NOTE: This post was originally published on Tuesday, October 23.
The Federal Reserve’s two-day meeting begins today. Given the proximity of the election and the fact that an open-ended asset purchase plan was announced last month, there will be a great deal more talk than action at the FOMC meeting.
There are two issues that market expects the Fed to discuss. The first may fall under communication, but is really more substantive. Currently the Fed uses a calendar date approach, now mid-2015 to guide expectations of the minimum amount of time the Fed will keep interest rates low. There has been some talk, led perhaps by the Fed’s Evans, but clearly a topic at the Jackson Hole confab, that perhaps the Fed should provide numerical targets.
Evans, for example, has talked about expanding pursuing QE until the unemployment rate is below 7% or if inflation rises above 3%. There continues to be much talk about targeting nominal GDP. The challenge is agreeing on what indicators to target and at what levels. Kocherlakota, who previously called for a rate hike by the end of this year, now suggests numerical targets of 5.5% unemployment or 2.25% inflation.
The second issue addresses the amount of securities the Fed is purchasing. The question here is whether the Fed should roll the $45 bln a month in Treasuries it is buying under Operation Twist (and selling short-end holdings) and roll them into QE3+. This would mean buying $85 bln a month in MBS and Treasuries a month.
Operation Twist is to be completed by the end of the year. The Fed does not have to decide this now and so it won’t. To some extent, it is likely data dependent. The FOMC statement itself is likely to recognise the better stream of economic data recently. However, in itself it probably does not meet the Fed’s threshold of substantial and sustained improvement in the labour market.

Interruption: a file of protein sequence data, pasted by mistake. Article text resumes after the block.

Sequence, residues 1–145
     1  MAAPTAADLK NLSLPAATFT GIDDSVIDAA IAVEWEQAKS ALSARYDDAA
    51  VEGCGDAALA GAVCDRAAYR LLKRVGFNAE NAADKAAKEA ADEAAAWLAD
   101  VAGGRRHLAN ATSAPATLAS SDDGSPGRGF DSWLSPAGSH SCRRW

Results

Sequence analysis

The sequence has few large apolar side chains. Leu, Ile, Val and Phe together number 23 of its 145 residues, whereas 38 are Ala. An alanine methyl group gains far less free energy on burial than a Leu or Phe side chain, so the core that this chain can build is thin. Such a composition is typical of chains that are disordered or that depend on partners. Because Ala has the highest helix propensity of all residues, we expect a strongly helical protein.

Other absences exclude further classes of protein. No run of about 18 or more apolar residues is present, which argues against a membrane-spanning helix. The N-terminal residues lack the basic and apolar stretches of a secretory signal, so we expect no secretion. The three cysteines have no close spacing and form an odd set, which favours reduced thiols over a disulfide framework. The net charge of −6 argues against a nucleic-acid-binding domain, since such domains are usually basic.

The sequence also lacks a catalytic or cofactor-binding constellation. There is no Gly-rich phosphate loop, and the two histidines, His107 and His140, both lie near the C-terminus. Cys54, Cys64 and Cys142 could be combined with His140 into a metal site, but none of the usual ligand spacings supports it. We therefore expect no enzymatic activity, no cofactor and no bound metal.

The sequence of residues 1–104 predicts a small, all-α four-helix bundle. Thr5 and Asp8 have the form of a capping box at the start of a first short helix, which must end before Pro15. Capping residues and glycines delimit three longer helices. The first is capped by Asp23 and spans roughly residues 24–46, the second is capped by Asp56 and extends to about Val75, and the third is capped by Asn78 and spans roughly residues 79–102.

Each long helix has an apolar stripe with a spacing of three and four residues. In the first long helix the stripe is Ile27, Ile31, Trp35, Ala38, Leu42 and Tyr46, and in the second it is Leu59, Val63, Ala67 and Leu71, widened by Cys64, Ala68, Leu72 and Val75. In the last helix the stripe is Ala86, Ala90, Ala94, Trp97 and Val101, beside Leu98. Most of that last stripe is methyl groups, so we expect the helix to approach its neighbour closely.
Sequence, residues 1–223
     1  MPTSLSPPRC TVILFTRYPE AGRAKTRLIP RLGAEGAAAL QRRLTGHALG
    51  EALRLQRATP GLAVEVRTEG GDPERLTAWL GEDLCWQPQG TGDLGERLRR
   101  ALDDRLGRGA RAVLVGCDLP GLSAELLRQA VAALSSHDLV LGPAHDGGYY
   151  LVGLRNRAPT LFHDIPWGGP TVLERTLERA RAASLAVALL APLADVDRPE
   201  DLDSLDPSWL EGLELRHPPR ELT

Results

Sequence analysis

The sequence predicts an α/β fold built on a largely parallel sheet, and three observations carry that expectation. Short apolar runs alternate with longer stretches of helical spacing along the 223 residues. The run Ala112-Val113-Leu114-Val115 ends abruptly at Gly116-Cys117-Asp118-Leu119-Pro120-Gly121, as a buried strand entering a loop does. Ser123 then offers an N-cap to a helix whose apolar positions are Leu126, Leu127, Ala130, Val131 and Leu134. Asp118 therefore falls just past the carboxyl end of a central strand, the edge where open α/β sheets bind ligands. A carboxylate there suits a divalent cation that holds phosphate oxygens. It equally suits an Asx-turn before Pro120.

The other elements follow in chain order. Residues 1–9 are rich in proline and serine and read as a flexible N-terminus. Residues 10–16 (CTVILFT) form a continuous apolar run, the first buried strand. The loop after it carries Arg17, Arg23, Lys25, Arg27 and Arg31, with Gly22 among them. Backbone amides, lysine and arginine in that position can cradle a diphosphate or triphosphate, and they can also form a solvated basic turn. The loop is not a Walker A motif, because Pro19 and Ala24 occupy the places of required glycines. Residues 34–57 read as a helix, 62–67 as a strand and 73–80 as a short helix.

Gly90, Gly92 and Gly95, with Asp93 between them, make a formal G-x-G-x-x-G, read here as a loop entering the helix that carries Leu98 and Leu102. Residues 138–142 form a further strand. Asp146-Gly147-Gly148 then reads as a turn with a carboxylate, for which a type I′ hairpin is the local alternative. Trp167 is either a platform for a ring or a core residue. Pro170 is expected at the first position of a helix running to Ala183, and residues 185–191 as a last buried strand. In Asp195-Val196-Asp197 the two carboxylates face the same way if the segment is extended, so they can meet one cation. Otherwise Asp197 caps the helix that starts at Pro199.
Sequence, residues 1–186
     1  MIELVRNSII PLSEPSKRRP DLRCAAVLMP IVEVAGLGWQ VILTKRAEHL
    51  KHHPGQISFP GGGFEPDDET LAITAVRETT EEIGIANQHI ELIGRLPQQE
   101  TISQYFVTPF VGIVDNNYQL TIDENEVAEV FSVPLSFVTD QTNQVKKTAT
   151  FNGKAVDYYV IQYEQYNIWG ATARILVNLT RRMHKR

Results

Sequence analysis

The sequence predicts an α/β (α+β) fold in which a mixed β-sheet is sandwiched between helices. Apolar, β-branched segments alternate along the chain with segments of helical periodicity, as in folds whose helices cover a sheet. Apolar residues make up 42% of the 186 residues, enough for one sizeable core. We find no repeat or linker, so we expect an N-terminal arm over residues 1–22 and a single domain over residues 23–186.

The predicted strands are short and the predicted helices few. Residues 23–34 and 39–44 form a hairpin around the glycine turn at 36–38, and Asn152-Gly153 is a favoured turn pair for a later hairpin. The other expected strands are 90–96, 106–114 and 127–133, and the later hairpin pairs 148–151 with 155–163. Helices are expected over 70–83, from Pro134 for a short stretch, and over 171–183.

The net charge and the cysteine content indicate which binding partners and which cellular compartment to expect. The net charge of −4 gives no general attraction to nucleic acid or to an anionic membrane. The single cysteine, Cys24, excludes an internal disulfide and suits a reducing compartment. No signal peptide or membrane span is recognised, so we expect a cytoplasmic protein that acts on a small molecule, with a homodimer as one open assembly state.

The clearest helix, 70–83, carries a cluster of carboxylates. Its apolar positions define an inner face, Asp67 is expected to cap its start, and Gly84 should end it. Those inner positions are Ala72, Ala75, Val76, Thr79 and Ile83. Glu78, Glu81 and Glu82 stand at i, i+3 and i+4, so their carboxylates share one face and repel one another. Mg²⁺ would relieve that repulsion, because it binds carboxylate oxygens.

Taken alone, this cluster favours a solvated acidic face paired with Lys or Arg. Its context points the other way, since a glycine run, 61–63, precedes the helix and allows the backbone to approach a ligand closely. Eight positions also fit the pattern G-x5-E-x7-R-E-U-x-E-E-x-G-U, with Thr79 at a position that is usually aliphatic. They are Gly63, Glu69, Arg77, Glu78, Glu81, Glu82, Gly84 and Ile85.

Moreover, there is greater uncertainty among businesses, even if not consumers, where confidence appears to have strengthened, over the fiscal cliff and debt ceiling issues. Last month the FOMC updated its GDP forecast for next year to 2.5%-3.0% (from the June forecast of 2.2%-2.8%). Although the assumptions were not made explicit, it must assume the limited fiscal headwinds next year.
When and if the Fed cuts in 2013 GDP forecasts (the Bloomberg consensus is for 2% growth, which also seems to implicitly make assumptions about the thrust of fiscal policy), it likely announce a change in its asset purchase program. It could come as early as December, when its forecasts are updated.
Many observers are sceptical of the merits of the Fed’s asset purchases and question its effectiveness. And even those a bit more sympathetic have suggested it is now yielding diminishing returns.
The linkage between increasing bank excess bank reserves, removing some risk-free assets from the market, boosting the demand for risk assets and job creation is difficult to envisage.
The most potent criticism is that monetary policy cannot address what ails the US. Some extend the argument backwards to the Great Depression and note that it was fiscal policy (WWII spending) that ultimately succeeded not monetary policy. Perhaps to square the circle, one can admit the charge that increasing the central bank’s balance sheet is really an exercise in fiscal policy not monetary policy.
Some observers have opined that if Romney wins, that Bernanke is out and QE3+ is over. While we recognise that in the heat of the campaigns, partisans say all sorts of things, the situation strikes us as more complicated. Bernanke’s term runs through 2013. There are good reasons why the Fed chairman’s term is not the same as the presidential term. It speaks to the independence of the Federal Reserve.
Even though Bernanke was first appointed by Bush, Romney has made is clear he would not reappoint Bernanke. At the same time, more controversially, we suggest that if Obama gets re-elected, Bernanke may also not be reappointed. Here we are sensitive to idea that after Greenspan’s long tenure and the credit crisis, for which he fairly or unfairly has been blamed to some extent, there may be informal term limits.
The parallel we see is with the US presidency. Prior to FDR there was an informal term limit of two terms. FDR broke with tradition and afterward a constitutional amendment turned the tradition into the law of the land. Even if analysis is correct, the end of Bernanke’s term does not necessarily mean the end of QE. Obama could nominate Yellen or Dudley which would signal continuity.
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